Ralph Noveletsky had had enough from unions. It was the 1970s and the founder and owner of Novel Iron Works, a structural steel fabricator, was tired of seeing his business regularly shut down by union bosses, his daughter, Hollie Noveletsky said.

“My dad was in Malden (Massachusetts) and the unions would shut him down every year,” she said. “He finally said to them, ‘You shut me down one more time and I will move to New Hampshire.”

Noveletsky made her comments to NHJournal after joining a group of local business owners and community leaders to oppose the “PRO Act” — a federal law that would override states’ right-to-work laws. The bill, backed by both Sens. Jeanne Shaheen and Maggie Hassan, would force employers to turn over employees’ private information—including cellphone numbers, email addresses, and work schedules—to union organizers. It would also remove the protections of the secret ballot in votes to unionize.

While New Hampshire has yet to pass right-to-work legislation, Noveletsky says her father’s story, and the story of her businesses, is a cautionary tale regarding the need to keep a balance between management and labor.

Ralph Noveletsky was a World War II veteran and a member of the famed Merrill’s Marauders, the U.S. Army outfit that worked dangerous missions behind enemy lines in the China-Burma-India theater. It took him a long time to recover from the war and get his life on track.

“He was one of the few who came home,” Hollie said.

Her grandfather ran a junkyard, and when Ralph Noveletsky was in his mid-30s in 1956, he started his structural steel business, making rails and stairs in the back of the junkyard. The business worked, and he built it out to buy the raw materials, and manufacture the structures for schools, hospitals, malls, apartment buildings, and more, she said. 

But as he grew, he kept running into problems with the unions in union-dominated Massachusetts. When he finally warned them about a potential move to New Hampshire, he wasn’t making an idle threat. 

The unions did not heed that warning, and after one last work stoppage, Ralph Noveletsky started buying land in the Granite State. He soon relocated the business to Greenland, N.H.  Noveletsky said he wasn’t escaping his employees. He rented a trunk and helped many of them and their families move north.

He was escaping the unions that were holding his business, and his employees, back, said Hollie Noveletsky, now the CEO of Novel Iron Works.

“A lot of our employees have been here for 25 to 30 years. We have brothers, fathers and sons, we even had a grandfather, son, and grandson all working for us at the same time. It’s family. We know them, and we know them personally. Bringing a union into that relationship really damages it,” she said.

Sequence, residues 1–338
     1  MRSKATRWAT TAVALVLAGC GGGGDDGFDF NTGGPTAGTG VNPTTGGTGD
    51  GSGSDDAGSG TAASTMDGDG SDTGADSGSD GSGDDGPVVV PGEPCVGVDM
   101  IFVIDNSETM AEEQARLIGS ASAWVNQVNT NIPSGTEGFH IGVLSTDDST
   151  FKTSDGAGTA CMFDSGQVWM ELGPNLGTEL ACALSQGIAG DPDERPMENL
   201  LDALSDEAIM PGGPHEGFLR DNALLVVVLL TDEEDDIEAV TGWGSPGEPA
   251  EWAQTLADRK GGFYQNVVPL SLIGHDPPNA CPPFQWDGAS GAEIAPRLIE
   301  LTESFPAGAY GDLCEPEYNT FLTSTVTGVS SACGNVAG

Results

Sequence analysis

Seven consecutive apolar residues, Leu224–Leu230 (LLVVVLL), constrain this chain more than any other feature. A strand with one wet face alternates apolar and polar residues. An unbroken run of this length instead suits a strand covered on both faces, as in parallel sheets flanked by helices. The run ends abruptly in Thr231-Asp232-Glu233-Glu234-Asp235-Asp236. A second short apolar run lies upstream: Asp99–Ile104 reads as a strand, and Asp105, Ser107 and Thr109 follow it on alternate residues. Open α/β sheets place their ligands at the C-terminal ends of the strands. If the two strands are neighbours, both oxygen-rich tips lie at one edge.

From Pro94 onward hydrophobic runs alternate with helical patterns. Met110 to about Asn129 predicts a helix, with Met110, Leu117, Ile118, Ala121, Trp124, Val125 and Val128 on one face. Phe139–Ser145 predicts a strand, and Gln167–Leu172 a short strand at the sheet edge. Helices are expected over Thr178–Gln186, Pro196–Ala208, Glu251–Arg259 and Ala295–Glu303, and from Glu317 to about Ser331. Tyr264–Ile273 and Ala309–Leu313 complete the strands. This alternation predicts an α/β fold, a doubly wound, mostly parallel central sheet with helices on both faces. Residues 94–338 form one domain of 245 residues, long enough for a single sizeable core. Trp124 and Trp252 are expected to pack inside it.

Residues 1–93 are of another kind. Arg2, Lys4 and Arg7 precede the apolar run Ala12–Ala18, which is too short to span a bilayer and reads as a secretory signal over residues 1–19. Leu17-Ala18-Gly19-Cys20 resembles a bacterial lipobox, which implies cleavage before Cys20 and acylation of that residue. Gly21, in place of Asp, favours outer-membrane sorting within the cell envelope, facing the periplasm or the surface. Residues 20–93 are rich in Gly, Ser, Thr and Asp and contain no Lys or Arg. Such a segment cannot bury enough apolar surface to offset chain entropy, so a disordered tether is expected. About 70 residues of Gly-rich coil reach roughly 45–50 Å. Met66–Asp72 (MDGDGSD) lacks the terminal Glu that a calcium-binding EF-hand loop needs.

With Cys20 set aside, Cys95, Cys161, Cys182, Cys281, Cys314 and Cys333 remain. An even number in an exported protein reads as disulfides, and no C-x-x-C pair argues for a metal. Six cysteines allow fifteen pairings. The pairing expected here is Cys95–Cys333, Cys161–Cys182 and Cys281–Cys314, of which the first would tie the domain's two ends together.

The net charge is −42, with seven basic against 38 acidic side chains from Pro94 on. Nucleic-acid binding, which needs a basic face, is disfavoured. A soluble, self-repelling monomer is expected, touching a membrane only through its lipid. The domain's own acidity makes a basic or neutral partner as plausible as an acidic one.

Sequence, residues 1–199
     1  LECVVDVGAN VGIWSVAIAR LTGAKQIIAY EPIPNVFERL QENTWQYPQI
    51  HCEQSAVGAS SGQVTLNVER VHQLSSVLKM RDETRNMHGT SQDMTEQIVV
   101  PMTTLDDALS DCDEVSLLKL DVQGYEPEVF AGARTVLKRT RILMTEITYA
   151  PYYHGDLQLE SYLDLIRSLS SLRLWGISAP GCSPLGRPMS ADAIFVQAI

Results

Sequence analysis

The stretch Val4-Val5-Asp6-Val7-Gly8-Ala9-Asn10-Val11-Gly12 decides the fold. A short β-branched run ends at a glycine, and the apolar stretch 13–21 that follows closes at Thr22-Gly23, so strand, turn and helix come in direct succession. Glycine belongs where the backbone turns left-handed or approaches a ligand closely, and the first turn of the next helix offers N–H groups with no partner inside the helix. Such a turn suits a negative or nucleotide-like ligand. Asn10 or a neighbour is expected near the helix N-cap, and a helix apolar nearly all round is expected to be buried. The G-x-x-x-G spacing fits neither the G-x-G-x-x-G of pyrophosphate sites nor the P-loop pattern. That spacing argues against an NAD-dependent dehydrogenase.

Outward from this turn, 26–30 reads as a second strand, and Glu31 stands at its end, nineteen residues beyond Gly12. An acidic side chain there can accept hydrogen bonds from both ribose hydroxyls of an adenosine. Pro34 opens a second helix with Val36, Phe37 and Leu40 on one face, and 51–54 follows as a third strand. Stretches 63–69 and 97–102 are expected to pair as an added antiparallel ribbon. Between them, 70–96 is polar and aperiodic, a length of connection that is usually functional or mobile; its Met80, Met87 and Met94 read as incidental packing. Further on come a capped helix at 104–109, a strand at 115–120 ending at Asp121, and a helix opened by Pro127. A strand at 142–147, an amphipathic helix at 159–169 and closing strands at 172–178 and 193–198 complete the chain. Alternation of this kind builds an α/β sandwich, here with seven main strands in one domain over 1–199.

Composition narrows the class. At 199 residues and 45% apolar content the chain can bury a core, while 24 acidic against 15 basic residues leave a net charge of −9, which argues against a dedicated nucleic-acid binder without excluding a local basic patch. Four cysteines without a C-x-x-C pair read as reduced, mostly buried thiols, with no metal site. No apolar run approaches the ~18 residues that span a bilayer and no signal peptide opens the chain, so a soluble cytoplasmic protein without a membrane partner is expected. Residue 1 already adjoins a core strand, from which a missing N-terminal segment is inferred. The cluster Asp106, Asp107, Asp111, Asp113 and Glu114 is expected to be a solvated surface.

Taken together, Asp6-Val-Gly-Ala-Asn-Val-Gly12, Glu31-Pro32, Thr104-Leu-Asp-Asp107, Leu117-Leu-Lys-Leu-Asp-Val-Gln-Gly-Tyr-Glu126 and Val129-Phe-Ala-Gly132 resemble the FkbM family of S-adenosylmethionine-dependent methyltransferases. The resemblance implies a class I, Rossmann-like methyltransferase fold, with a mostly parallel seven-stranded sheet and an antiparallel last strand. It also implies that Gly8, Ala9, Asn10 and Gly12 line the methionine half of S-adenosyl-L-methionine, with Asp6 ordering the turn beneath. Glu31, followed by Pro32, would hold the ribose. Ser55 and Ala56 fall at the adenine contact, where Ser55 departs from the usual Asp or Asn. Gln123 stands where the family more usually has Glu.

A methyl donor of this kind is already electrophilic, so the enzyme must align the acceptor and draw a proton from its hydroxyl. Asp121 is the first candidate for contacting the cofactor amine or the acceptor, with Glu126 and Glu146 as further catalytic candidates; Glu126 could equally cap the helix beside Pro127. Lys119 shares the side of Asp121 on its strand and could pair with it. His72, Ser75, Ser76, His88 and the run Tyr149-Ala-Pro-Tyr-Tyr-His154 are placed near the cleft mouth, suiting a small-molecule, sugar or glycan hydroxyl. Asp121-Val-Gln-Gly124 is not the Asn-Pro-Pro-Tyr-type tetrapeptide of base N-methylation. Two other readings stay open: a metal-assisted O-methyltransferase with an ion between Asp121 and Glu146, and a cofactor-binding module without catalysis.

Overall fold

The business stayed in the family, and Hollie’s son, Josh Rosenthal Noveletsky is the president.

Now, however, she’s worried about unions getting forced on her family business thanks to the PRO Act.

“The PRO Act completely upends the carefully crafted 70-year balance between labor and management,” said David Juvet, the interim president of the New Hampshire Business and Industry Association. “This is the last thing that businesses need as they struggle to adapt and survive to the challenges created by the COVID-19 pandemic.” 

After Ralph Noveletsky moved to New Hampshire, union representatives tried to organize at his new manufacturing plant, Hollie Noveletsky said. The employees who made the trip up from New Hampshire with her father turned away the union representatives because they knew they got better pay and treatment with Novel Iron Works, she said.

Under the PRO Act, companies like Novel would be forced to give union representatives access to personal employee information, according to Josh Reap, President and CEO of the Associated Builders and Contractors of NH/VT.

“What’s worse, employers and employees would be precluded from opting out of this requirement and would not have a say in which information was provided, leaving employees without a voice on such a critical issue,” Reap said. 

Noveletsky said that under the PRO Act her business would not be able to present an alternative to the union pitch. Reap, Juvet, and Noveletsky all took part in a panel on Tuesday in Concord to discuss the PRO Act and its negative impact on businesses.

Noveletsky’s business has already been struggling for years thanks to trade pressure from Canadian steel fabricators. The Canadian companies get government benefits, and they have a different tax structure due to trade agreements like NAFTA. Canadian companies also benefit from currency exchanges thanks to the weak Canadian dollar, she said.

Noveletsky not only has to deal with that Canadian pressure, but now she has to contend with the new realities from the COVID-19 pandemic. She’s lost a lot of experienced workers who decided to retire in the last year, and she’s been unable to find trained and skilled laborers to come on board. The company’s gone from about 100 employees before COVID, to about 80 now.  

“The PRO Act is going to add more pain and suffering on top of it all,” she said.

Noveletsky called Hassan’s office to voice her concerns about the PRO Act. While Hassan’s staff was attentive and listened to her, she hasn’t heard back from the senator. 

“They said they’ve been hearing from a lot of other business owners with similar concerns,” she said.